Biological Productivity and Coastal Habitats

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1 Biological Productivity and Coastal Habitats Why do we care? Fishing Water quality Wildlife

2 Ecology and Ecosystems Ecology Natural systems Include interactions between living and non-living parts Ecosystem Totality of the environment encompassing all chemical, physical, geological and biological parts Food chain Succession of organisms within an ecosystem base upon trophic dynamics Trophic dynamics Trophic refers to nutrition who is eaten by whom

3 Ecosystems Function by exchange of matter and energy Differ in size, complexity, and diversity of organisms

4 Ecosystem Energy Flow Plants take energy from the sun and put it into the system Use chlorophyll in photosynthesis to convert inorganic material into organic compounds and to store energy for growth and reproduction Plants are autotrophs Plants are primary producers Heterotrophs All other organisms Consumers - animals Decomposers bacteria and fungi Herbivores eat plants Carnivores eat animals Omnivores eat both plants and animals

5 Ecosystem Pathway Material is constantly cycled Energy comes from sun, gradually dissipates as heat and is lost

6 Trophic Dynamics Trophic refers to nutrition Trophic dynamics - study of the nutritional interconnections among organisms within an ecosystem

7 Tropic Level Position of the organism within the tropic dynamics Autotrophs first level Provide the organic matter and energy for all other levels Herbivores - second level Carnivores third and higher levels Decomposers the terminal level

8 Energy Pyramid Graphic representation of a food chain in terms of the energy contained at each trophic level The size of each successive level is controlled by the size of the level immediately below it

9 Primary Producers Phytoplankton in the ocean Require sunlight, nutrients, water and carbon dioxide for photosynthesis The limiting factors is commonly sunlight and/or nutrients Photosynthesis Sunlight + 6CO 2 +6 H 2 O? C 6 H 12 O 6 + 6O 2 C 6 H 12 O 6 is sugar Other organic compounds besides sugar, such as RMA and DNA, are also formed Rapid cell division Phytoplankton blooms rapid expansion of a phytoplankton population because light and nutrients are abundant

10 Doubling Rates Someone will start working for a penny a day, but the rate doubles every day for 30 days. Has to last 30 days. Is that a good deal for the employer or employee?

11 Consumers Animals are the consumers Animals break down the organic compounds into their inorganic components to obtain the stored energy Respiration C 6 H 12 O 6 + 6O 2? 6CO 2 +6 H 2 O + energy The recovered energy is used for movement, reproduction and growth Food consumed by most organisms is proportional to their body size Generally smaller animals eat smaller food and larger animals larger food

12 Feeding Styles Grazers consume plant material copepods, snails, sea urchins, some fish Predators hunt and kill prey sharks, some fish Scavengers consume dead organic matter crabs, lobsters, snails, some fish Filter feeders filter the water for suspended food barnacles, mussels, oysters Deposit feeders selectively or notselectively consume food that is mixed in the sediments

13 What Feeding Style are These Guys?

14 Population Size Dependent upon food supply Lag between the maximum abundance of food and the maximum population size Population goes in cycles

15 Decomposition Bacteria and fungi are the decomposers They break down organic material and release nutrients for recycling NH 3 + 2O 2? H + +NO H 2 O Ammonia and oxygen to nitrate and water Nitrate is used by plants for growth Few bacteria are capable of completely degrading organic material into its inorganic components Most operate in succession with other bacteria to decompose material in a series of stages Bacteria are food for other organisms either directly or indirectly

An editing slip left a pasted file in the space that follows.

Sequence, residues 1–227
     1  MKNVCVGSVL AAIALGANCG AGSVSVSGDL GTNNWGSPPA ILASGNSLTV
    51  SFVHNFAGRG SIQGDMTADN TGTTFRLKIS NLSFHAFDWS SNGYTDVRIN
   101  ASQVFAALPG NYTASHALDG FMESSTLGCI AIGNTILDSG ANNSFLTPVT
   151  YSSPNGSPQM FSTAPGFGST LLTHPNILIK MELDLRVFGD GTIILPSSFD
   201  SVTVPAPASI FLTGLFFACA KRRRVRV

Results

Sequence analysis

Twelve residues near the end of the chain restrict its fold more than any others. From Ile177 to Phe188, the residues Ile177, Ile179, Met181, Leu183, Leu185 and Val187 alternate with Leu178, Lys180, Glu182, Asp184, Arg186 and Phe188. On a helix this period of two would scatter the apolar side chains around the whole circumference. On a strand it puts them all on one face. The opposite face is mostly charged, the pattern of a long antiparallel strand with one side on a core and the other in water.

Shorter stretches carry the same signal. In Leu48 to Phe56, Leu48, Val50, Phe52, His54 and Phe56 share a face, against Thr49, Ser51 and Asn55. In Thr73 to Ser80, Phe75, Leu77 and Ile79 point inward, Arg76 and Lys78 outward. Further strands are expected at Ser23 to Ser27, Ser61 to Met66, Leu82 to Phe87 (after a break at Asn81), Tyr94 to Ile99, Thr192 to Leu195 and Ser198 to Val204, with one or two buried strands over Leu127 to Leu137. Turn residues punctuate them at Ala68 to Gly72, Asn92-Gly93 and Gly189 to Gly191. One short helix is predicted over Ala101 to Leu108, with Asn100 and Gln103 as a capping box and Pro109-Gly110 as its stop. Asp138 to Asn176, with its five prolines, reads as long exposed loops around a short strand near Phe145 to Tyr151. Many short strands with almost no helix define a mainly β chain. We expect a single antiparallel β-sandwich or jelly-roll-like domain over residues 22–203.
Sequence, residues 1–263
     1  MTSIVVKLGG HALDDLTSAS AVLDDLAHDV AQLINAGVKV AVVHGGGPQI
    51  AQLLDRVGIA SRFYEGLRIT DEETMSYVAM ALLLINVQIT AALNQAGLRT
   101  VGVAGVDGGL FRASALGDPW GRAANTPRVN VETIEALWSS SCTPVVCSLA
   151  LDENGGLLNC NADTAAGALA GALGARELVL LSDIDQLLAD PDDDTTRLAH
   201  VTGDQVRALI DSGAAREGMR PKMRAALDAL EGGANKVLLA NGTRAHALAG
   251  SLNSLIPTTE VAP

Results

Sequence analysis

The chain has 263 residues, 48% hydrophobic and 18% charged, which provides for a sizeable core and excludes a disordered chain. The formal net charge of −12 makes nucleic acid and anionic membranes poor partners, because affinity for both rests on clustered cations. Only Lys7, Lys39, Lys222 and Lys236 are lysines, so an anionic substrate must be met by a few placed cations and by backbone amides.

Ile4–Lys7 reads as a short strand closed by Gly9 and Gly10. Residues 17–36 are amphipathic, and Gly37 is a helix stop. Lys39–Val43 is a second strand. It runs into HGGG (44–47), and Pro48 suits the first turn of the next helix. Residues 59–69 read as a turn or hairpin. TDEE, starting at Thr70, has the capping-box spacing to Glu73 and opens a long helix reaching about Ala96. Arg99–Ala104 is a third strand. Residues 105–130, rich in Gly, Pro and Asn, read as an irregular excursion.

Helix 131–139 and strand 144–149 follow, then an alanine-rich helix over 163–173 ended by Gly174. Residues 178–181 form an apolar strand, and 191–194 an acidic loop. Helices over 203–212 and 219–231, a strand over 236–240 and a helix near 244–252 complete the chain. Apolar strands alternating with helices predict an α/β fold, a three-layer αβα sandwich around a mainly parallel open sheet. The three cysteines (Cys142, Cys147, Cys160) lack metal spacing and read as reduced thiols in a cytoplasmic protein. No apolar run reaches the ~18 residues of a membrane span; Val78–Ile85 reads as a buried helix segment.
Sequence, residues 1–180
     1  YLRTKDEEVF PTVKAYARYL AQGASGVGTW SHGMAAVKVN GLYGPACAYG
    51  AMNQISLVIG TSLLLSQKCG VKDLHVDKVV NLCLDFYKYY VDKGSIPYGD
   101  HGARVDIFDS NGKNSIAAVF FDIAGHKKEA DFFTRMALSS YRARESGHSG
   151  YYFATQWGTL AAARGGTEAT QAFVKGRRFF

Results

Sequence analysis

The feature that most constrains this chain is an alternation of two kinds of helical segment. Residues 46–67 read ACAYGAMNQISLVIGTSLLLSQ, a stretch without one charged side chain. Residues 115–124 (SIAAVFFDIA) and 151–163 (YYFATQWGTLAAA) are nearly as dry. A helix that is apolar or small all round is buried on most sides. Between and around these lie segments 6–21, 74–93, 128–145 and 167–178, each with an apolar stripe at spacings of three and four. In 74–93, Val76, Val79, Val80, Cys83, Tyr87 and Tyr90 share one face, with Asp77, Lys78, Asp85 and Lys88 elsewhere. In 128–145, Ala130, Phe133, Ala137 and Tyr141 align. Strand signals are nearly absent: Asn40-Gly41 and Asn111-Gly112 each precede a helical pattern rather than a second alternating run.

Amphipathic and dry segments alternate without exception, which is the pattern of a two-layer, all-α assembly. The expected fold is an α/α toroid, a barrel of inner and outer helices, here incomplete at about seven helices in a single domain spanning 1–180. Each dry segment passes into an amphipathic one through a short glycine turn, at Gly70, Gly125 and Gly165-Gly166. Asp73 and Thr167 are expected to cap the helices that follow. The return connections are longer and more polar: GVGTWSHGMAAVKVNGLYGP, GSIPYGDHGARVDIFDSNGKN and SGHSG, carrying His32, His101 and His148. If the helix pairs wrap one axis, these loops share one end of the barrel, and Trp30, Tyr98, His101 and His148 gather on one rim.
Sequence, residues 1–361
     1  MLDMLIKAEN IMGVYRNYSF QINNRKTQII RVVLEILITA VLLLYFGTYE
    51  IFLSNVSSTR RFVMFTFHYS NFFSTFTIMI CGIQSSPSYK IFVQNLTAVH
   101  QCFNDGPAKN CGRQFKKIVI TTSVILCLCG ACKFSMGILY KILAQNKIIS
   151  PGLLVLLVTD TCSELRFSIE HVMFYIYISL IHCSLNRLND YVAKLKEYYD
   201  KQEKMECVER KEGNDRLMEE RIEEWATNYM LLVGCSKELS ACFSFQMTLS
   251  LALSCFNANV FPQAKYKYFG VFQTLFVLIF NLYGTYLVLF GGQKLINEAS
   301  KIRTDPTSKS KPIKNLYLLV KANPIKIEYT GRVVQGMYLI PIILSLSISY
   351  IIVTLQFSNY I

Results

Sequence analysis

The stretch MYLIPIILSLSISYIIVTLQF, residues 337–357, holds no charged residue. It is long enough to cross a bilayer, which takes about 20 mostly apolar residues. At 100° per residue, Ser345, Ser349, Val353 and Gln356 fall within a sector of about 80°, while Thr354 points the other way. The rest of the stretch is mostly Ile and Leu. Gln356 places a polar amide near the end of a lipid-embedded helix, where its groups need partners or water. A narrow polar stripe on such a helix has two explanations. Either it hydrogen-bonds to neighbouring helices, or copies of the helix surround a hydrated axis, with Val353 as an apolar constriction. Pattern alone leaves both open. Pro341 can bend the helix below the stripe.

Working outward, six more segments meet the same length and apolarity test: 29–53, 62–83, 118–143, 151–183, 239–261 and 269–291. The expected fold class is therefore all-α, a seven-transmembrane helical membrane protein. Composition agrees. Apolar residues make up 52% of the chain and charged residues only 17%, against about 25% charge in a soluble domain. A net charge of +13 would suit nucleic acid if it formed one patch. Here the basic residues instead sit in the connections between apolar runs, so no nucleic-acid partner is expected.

16 Bacteria Aerobic require free oxygen to respire and decompose dead matter Anaerobic Live in an oxygen free (anoxic) environment Obtain oxygen for respiration from other sources such as SO 4-2 (sulfate ion) and release H 2 S (hydrogen sulfide gas) as a byproduct of decay Hydrogen sulfide rotten egg smell

17 Bacteria Most are heterotrophs Two autotrophic bacteria Cyanobacteria blue-green algae Photosynthesize Chemosynthetic bacteria Use chemical energy released in the oxidation of inorganic compounds to produce food Volcanic vent communities

18 The System

19 Food Chains Transfer the energy from one tropic level to another Biomass is the quantity of living matter per volume of water With each higher trophic level, the size of the organisms generally increase, but their number and total biomass decreases Rate of growth is inversely related to position in the food chain Low on the food chain, the individuals are small but reproduce rapidly High on the food chain, individuals are large but reproduce slowly

20 Two Major Food Chains Grazing food chain Phytoplankton? zooplankton? nekton Herbivores consume autotrophs in the photic zone Detritus food chain Detritus? deposit feeder? nekton Non-living wastes form the base of the food chain Organic matter from the surface waters settles into the deep-sea food chain when it is consumed by detritus feeders

21 Energy Transfer Only about 10-20% of the energy is transferred between trophic levels This produces a rapid decline in biomass at each successive trophic level

22 Efficiency Example of 10% efficiency 100,000,000 g diatoms 10,000,000 g copepods 1,000,000 g small fish 100,000 g large fish 10,000 g human = 10 kg = 22 lb Most (80-90%) of the energy consumed by organisms is lost in movement or in growing non-nutritional structures, such as bone or shell The longer the food chain, the greater the autotrophic biomass needed to support it There must be a balance between the energy expended to obtain food and the energy obtained from the food Not all potential food sources are practical

23 Solar Radiation Only % of the solar radiation is employed for photosynthesis and its energy is stored in organic compound The amount of light decreases rapidly with depth